This quote is basically the perfect transition between the two ideas running through this episode. These networks, or television shows, have an incredible amount of power. Even though we don’t live in an “electro-democracy”, we do live in one where social and political influence are created by and managed by news media in some sense. We know that one of the biggest predictors of who gets elected in any given election is who is given the most time on news platforms. The people that media report about, talk about, and advertise for, are the people who end up making policy. And while the news doesn’t have a direct influence on what happens in our government (normally), it has an influence on policy, on which issues people notice and talk about, on which ideas get moderated in a public space. As much as we like to laud the internet for creating a wider forum, we do still have news media for a reason and it is and should continue to be moderated in ways which uphold truth, honesty, and a code of journalism ethics. When we have media sites and news channels which do not believe in these ethics, who report news they knew is fake or refuse to analyze news stories to actually delve into the truth we end up in a situation like in this episode. The tape they saw was technically real, but without context and without the whole story it was used to lie and used to manipulate the audience and others into being bad actors.

In an age with so much information and more than 30 years away from this episode it was kind of funny to see the same problem of knee-jerk media being used for both a ratings boost and a political derailing happen on a TV show. It’s just a reminder that even if time marches forward and we movie to new modes of media, we still have the same problems. News sites are still more likely to report on “flash in the pan” news which has little effect on the average viewer than the bigger, more important issues of our day. Media will still follow sex, blood, and money. Media still sways our democracy (at time unintentionally) by not looking into stories that do not yell in our faces. Or by prioritizing only those that do. So yes, I think the episode title is more than fitting. Grossberg is the specter of news conglomerate that is more concerned with their ratings, their sensationalism, and themselves than informing the public. So in this episode, as in real life, Grossberg returns.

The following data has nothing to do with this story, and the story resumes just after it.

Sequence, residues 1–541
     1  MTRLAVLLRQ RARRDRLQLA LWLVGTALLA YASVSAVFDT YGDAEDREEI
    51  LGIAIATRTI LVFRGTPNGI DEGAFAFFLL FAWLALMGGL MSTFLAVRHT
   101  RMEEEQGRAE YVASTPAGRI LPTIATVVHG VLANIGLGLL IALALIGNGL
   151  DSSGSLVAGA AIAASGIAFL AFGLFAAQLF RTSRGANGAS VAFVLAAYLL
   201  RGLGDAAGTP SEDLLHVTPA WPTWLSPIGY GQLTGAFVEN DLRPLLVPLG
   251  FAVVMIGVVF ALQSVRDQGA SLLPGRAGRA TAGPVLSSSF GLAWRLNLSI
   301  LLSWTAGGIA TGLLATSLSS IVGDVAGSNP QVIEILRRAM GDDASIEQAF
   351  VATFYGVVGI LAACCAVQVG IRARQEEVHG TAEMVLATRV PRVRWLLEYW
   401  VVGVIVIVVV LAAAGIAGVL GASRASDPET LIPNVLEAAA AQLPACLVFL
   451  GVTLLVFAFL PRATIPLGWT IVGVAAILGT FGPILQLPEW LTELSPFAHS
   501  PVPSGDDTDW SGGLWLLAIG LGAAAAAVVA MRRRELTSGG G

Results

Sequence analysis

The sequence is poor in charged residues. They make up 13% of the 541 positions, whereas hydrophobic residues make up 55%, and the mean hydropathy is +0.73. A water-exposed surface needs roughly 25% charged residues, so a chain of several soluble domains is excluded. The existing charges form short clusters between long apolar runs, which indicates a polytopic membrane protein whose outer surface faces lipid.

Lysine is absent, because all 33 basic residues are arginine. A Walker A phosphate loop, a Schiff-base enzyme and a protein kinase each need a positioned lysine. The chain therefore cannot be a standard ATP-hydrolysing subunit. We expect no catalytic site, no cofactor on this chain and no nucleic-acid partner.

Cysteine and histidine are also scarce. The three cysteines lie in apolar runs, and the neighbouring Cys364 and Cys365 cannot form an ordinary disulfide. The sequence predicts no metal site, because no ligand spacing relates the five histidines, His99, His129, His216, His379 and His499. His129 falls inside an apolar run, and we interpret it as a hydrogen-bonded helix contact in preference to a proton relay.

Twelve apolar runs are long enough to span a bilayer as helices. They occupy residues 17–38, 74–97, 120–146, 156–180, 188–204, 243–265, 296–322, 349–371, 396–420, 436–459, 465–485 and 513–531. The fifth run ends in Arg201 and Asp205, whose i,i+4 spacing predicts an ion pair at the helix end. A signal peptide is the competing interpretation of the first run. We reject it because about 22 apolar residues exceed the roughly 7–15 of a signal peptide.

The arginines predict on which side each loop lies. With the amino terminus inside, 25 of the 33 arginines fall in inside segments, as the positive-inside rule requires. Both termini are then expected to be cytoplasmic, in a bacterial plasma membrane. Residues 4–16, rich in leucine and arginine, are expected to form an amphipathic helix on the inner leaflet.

Stray Observations:

  • Network 23 appears to let Max host a show but later in the episode Max says he wants his own show so, a bit up in the air about how that works
  • One of the TV specials was “Snow White and the Baby Eaters”
  • This episode is noticeably darker in lighting than previous episodes and has some really dramatic shots which is cool
  • I continue to love every inch of the bad visualization special effects – this time we got a lot of ball graphics and lottery looking things as well as about 12 types of polls – bars, lines, and scanners oh my!
  • Theora is so concerned about Edison that she smokes, which is actually kind of funny
  • Grossberg’s plan is technically really good, if not a little 12 dimensional chess which differentiates this episodes from previous episodes
  • When Grossberg takes over 66, they mangle a quote popularized by JFK: “Defeat is an orphan, victory has 100 fathers” which might originate from here but doesn’t seem to be used properly in this case but oh well, it sounded important I supposed
  • “You can’t fake a tape, pictures don’t lie” – don’t tell Murray about the space future and deepfakes
  • This episode is particularly peppered with purposeful misquotes including: “Television is the opiate of the people”
  • Max butchers a line from Othello at the of the episode but leaves out the word “cuckold” – not sure if allusion or self-censorship

This one was a long time coming but I don’t think we’ll be letting up anytime soon so I’ll see you next time (hopefully in a week or two) with Dream Thieves!